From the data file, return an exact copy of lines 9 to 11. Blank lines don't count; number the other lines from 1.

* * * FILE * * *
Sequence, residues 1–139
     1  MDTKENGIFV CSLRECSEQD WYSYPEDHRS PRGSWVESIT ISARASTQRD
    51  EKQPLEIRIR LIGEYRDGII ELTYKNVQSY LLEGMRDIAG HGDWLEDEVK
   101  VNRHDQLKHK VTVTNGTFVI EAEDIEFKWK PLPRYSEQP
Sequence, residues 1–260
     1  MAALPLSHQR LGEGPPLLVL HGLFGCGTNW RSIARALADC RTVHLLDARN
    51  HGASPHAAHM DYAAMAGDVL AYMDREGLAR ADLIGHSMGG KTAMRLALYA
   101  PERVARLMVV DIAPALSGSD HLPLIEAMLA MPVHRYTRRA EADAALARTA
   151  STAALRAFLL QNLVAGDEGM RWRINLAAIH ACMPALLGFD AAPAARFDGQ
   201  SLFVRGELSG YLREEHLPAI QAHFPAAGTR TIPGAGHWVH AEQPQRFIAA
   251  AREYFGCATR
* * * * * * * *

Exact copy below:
   151  STAALRAFLL QNLVAGDEGM RWRINLAAIH ACMPALLGFD AAPAARFDGQ
   201  SLFVRGELSG YLREEHLPAI QAHFPAAGTR TIPGAGHWVH AEQPQRFIAA
   251  AREYFGCATR